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Sep. 24th, 2017 04:29 pm
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Star Trek: First Contact (1996)

[Rewatched/Blu-ray] "Assimilate this!" The second film based on the "Star Trek: The Next Generation" television series is the absolute best one, and it also ranks among the very best of the entire Star Trek franchise.

After "Star Trek: Generations" demonstrated in 1994 that a "Next Generation" film could succeed at the box office, a sequel was inevitable. Producer Rick Berman once again worked with veteran "Next Generation" writers Brannon Braga and Ronald D. Moore (the latter went on to develop the "Battlestar Galactica" reboot) to conceive the story, leaving them to write the actual screenplay.

The two elements they all agreed on was the inclusion of the Borg and time travel. From there, it could have gone disastrously wrong. Berman's idea was to have the Enterprise crew travel back in time to the Renaissance and have sword fights with the Borg in European castles. Thankfully, Braga and Moore realized that could descend into camp, and conceived a better story set on post-apocalyptic Earth in 2063, where the Enterprise crew would have to defeat the Borg in order to ensure humanity's first contact with an extra-terrestrial species would happen, paving the way for the Federation.

The Borg are tailor-made for a big-screen action film, and make no mistake, of all the pre-reboot Trek films, this is the most action-oriented. However, it's not empty spectacle. What drives the film is Captain Jean-Luc Picard's earlier experience of being assimilated by the Borg, and his obsessive, Ahab-esque (the best Trek films always seem to have literary allusions) behavior when he confronts them again here. The story also expands the portrayal of the Borg Collective to include a Borg Queen (reportedly at the behest of a studio executive), while also filling in more of the history of the fictional Star Trek universe. The humanism and optimism of creator Gene Roddenberry is part of the film's DNA.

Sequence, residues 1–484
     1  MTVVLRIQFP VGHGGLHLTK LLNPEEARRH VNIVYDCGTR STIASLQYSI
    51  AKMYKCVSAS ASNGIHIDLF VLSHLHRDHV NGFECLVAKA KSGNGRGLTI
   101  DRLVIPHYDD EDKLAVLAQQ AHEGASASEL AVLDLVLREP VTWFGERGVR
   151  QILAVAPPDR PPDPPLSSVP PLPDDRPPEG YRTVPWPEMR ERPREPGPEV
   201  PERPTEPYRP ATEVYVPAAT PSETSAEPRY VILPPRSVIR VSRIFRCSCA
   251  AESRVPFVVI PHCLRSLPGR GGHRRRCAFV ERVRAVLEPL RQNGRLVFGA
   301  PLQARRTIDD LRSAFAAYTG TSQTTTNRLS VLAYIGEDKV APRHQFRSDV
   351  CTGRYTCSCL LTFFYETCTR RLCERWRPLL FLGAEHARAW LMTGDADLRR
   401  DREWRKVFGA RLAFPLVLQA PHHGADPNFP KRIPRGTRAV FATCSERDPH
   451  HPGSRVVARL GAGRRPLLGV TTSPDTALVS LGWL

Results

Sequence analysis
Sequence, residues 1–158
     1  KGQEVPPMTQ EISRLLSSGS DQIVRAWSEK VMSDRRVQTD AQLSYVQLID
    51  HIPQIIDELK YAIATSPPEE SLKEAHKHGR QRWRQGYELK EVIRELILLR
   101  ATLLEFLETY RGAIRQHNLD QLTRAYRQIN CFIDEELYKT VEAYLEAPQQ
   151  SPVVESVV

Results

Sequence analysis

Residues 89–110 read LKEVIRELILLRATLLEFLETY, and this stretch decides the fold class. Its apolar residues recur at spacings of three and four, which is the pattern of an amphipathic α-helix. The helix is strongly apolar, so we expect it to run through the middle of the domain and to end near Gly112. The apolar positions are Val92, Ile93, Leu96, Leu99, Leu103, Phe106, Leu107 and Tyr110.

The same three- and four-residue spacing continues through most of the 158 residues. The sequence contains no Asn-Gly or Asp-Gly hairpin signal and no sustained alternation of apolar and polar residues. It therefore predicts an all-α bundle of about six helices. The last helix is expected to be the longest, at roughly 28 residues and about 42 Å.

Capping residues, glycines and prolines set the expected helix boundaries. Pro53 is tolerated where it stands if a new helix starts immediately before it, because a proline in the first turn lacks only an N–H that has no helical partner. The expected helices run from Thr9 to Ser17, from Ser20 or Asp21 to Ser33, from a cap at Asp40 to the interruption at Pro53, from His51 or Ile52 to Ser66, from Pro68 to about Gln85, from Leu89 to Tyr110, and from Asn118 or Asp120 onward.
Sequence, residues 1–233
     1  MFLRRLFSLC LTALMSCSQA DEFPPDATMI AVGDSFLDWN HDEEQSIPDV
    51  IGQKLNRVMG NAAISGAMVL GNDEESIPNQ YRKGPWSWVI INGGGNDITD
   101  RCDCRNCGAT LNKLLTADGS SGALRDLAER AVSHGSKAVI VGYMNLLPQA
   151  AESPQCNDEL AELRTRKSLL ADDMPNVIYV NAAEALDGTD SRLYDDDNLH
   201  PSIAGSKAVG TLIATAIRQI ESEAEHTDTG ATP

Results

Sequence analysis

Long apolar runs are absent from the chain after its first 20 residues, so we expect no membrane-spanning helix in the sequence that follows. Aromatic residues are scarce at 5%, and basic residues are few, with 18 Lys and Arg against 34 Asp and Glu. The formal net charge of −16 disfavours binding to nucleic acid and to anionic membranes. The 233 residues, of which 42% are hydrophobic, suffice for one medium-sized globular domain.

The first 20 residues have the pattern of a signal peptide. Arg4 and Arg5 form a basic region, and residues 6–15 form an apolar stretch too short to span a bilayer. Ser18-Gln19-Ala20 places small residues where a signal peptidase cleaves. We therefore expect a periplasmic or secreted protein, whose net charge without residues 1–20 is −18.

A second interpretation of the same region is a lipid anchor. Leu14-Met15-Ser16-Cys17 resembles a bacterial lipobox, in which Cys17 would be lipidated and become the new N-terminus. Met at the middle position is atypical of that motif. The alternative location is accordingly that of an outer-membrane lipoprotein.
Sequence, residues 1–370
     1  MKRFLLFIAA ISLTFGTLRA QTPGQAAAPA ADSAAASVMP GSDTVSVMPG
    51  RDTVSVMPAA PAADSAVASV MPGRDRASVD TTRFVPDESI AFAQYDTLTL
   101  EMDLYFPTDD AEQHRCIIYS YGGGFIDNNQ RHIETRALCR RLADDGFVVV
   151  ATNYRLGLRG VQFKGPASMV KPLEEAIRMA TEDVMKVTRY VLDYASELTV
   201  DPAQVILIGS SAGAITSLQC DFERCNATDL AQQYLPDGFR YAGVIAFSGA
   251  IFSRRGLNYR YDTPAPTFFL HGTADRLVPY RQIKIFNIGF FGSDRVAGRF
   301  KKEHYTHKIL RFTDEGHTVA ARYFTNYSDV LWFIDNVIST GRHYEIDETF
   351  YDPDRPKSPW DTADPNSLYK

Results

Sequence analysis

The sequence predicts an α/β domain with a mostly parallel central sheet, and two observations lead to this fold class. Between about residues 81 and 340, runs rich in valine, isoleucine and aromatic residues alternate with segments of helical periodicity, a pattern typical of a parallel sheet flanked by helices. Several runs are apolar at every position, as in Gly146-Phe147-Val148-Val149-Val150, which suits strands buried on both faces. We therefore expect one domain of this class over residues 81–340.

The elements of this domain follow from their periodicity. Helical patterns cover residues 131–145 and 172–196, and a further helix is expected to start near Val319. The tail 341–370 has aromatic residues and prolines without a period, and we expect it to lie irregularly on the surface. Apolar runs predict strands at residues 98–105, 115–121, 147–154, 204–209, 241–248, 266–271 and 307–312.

A major character in 2063 is Zefram Cochrane, the creator of the first warp drive and instigator of first contact. Far from being the saint remembered in the history the Enterprise crew knows from 300 years in the future, he's an alcoholic who created the warp drive to get rich, but by the end of the film, it's clear he's on his way to becoming more of the man remembered in history. However, his portrayal seemingly contradicts his previous appearance on "Star Trek: The Original Series" in the 1967 episode "Metamorphosis" (played by a different actor), but explanations have been theorized that can square that without much difficulty. What matters is Cochrane is changed by stepping into a larger universe than he can imagine, and his acts usher humanity into a better future. The film concludes with first contact, and it's a magical scene.

With a screenplay calling for an action film approach, Paramount Pictures approached both Ridley Scott and John McTiernan ("Die Hard") to direct, but neither was interested. "Next Generation" cast member Jonathan Frakes had directed multiple episodes of the television series, so he was eventually hired to make his debut as a feature film director. To adjust to the demands of making an action film and shooting in the Panavision format, rather than the old square aspect ratio of television, Frakes studied films by Steven Spielberg, James Cameron, and Ridley Scott. It paid off. Frakes delivers a muscular action film without abstaining from character-based drama, and balances the serious elements with sheer entertainment and bits of comic relief. It's for this reason I put Frakes in the same category as Nicholas Meyer ("Star Trek II: The Wrath of Khan", "Star Trek VI: The Undiscovered County") and Leonard Nimoy ("Star Trek III: The Search for Spock", "Star Trek IV: The Voyage Home") as the Holy Trinity of Star Trek directors.